A group including the EFF revealed stronger Do Not Track settings
- Digital advertisers haven’t been able to sort out user privacy issues so a group including the Electronic Frontier Foundation (EEF) created a new "Do Not Track" setting for browsers.
- The new standard works with ad-blocking and privacy tech instead of actively blocking ads on its own.
- The idea is to allow web users to opt-out of online tracking and ad targeting based on their browsing history.
The EFF along with Medium, Mixpanel, AdBlock and DuckDuckGo created a new Do Not Track setting for browsers to protect web users from unwanted online tracking and targeted ads based on browsing history. The standard works in conjunction with ad-blocking and privacy technology
“We are greatly pleased that so many important Web services are committed to this powerful new implementation of Do Not Track, giving their users a clear opt-out from stealthy online tracking and the exploitation of their reading history. These companies understand that clear and fair practices around analytics and advertising are essential not only for privacy but for the future of online commerce,” EFF Chief Computer Scientist Peter Eckersley told Marketing Land.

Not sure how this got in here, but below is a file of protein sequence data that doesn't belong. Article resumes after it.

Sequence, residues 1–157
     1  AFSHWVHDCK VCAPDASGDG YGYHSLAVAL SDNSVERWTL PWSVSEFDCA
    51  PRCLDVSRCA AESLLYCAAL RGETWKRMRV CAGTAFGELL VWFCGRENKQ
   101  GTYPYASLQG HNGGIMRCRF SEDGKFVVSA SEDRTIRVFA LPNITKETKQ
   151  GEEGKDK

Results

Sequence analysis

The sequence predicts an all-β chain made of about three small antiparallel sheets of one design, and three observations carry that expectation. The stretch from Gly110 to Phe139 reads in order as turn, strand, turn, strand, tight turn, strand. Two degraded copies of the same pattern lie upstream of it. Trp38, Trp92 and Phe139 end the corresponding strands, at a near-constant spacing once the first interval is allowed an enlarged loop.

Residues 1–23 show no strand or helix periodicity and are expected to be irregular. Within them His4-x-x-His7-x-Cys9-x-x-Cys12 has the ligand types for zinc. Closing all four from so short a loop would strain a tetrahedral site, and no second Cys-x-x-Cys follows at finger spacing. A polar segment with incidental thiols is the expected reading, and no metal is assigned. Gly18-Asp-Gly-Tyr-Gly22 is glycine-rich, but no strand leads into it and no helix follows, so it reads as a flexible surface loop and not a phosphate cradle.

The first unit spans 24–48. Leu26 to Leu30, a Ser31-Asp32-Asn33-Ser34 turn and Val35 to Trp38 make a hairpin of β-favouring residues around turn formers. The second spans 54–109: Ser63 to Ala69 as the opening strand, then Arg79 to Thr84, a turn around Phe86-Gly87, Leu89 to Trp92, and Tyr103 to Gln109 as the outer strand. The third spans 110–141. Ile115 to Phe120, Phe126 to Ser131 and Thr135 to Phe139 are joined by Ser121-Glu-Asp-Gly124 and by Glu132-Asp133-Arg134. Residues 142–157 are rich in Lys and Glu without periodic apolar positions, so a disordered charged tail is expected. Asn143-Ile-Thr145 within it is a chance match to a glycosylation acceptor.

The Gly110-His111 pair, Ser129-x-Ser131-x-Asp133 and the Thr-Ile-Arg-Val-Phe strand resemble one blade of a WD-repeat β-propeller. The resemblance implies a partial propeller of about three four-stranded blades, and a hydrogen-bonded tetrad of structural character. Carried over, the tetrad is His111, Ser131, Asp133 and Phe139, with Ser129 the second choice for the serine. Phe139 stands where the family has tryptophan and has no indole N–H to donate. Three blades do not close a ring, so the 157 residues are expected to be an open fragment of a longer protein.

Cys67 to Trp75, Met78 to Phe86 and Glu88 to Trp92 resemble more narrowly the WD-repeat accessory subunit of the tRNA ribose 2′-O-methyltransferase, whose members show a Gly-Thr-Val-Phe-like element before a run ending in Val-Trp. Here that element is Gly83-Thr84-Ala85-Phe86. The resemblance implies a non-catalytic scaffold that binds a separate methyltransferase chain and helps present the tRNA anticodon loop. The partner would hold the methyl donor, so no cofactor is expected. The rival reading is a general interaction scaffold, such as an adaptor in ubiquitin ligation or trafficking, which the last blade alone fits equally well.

Major online ad players such as Google and Facebook ignore Do Not Track requests from browsers, and participation in the policy is voluntary.